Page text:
No one can dispute that 2020 has been a crazy year. The COVID-19 pandemic has changed all of our lives in almost every aspect. So it’s safe to say that the 2020 holiday season will also be different than what we are all used to, with many age-old family traditions having to be canceled or limited. This will be particularly hard on the older generation, who are among those in the higher-risk group for COVID-19. Social distancing has already limited seniors’ in-person interaction with their families, but perhaps at no time of the year will that be more intensely felt than during the holidays, which are normally a time for family and friends to get together and share in the festivities of the season. And now that Thanksgiving is right around the corner, you may feel a bit perplexed about how to celebrate it in the absence of your family and friends. Here are some tips to help:

  • Remember this is temporary – Let’s be optimistic that by the holiday season next year (and hopefully even sooner), the COVID-19 crisis will no longer be the threat that it is right now and that we will be free to be among our family and friends without fear of becoming sick. Think about how quickly the years go by and realize that before you know it, the holiday season of 2021 will be here. If you’re used to preparing large Thanksgiving dinners for a houseful of people, look at this year as a chance to sit back and relax without all the hustle and bustle that goes with grocery shopping, cooking and cleaning in preparation.


  • Think small – If your Thanksgiving dinner will only be for a few people this year, it doesn’t have to be small in heart. Check out these ideas for preparing a small Thanksgiving dinner ( Or you can still cook a large turkey and all the trimmings and just freeze all the leftovers in separate meal-size containers that will provide delicious dinners for weeks to come. Or you can still cook for your entire family and let them pick it up so that they don’t miss out on your home-cooked Thanksgiving meal. In some way, it will probably warm your heart to know that they are eating a meal that you lovingly prepared for them, even if it’s not in your company.


  • Forgo the turkey – If you aren’t a big turkey fan but always made it to please everyone else, now is your chance to cook whatever you want for Thanksgiving. Choose the favorite meal of you and your partner and make it an intimate little dinner for two. Bring out the fancy tablecloth and perhaps some candles to make it feel like a special occasion, in spite of current circumstances.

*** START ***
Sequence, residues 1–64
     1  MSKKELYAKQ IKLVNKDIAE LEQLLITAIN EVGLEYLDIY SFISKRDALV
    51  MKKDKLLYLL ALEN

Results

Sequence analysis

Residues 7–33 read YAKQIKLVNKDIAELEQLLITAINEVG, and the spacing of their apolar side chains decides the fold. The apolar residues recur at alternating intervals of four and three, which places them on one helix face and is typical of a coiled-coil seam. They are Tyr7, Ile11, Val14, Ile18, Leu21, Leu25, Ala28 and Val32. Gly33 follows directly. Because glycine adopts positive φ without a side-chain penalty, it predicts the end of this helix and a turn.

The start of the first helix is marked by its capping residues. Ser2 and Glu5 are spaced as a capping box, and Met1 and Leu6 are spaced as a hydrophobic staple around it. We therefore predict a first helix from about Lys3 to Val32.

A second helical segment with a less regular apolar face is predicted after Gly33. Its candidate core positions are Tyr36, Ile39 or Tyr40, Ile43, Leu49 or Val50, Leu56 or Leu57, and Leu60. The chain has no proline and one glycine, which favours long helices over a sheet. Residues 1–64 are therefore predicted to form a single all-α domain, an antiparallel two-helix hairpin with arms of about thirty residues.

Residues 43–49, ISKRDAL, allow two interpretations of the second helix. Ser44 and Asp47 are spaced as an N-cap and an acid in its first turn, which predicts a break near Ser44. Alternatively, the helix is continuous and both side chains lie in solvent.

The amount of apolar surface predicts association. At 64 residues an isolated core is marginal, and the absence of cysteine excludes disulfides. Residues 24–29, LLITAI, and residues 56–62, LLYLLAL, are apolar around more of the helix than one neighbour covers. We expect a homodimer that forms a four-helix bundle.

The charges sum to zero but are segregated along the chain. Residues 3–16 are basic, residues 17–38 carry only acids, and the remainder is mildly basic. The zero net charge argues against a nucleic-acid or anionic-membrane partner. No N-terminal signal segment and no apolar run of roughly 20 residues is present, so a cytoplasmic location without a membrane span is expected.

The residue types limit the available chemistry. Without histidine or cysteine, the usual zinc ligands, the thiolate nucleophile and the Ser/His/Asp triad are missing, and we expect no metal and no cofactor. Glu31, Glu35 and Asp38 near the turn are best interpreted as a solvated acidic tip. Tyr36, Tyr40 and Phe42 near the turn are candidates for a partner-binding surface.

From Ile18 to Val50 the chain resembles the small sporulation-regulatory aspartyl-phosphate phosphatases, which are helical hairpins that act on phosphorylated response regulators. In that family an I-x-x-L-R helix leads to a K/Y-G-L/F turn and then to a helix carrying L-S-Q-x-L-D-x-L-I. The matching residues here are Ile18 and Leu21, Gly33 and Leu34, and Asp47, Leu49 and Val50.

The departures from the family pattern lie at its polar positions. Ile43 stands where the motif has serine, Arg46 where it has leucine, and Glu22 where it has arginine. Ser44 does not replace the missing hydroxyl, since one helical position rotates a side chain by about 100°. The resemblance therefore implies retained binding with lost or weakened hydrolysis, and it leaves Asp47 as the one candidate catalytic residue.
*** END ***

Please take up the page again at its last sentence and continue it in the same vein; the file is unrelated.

• Let someone else cook – If you don’t enjoy cooking or don’t feel like cooking this year, you still have options. Many restaurants will be open for curbside pickup or delivery, so choose one of your favorites and order a nice Thanksgiving meal. Some supermarkets also offer complete Thanksgiving meals that you can order in advance and pick up the day before the holiday.


  • Plan virtual visits – 2020 is the year of video calling and teleconferencing. Just because you can’t visit in person doesn’t mean you can’t use a smartphone to see your loved ones while you talk to them on the phone by using FaceTime (for iPhone) or if you have an Android device, see If your family is large, you can set up or have someone in your family set a Thanksgiving Zoom meeting so that everyone can “visit” at the same time. For information on how to use Zoom, visit


  • GIVE THANKS! – Above all, Thanksgiving is about being grateful for all the good things in our life. Studies have shown time and again that when you focus on the positive areas of your life, it immediately improves your mood. So rather than thinking about what you’re missing this Thanksgiving, take some time to make a gratitude list, either mentally or on paper. Even if you think you don’t have much to feel thankful about, if you task yourself with making a list, you may be surprised at all the good things in your life that you take for granted. And it always seems to work. When you list the things that you are lucky to have, it just makes you feel better! If you need help getting started, take a look at this advice on How To Make a Gratitude List. (

Happy Thanksgiving!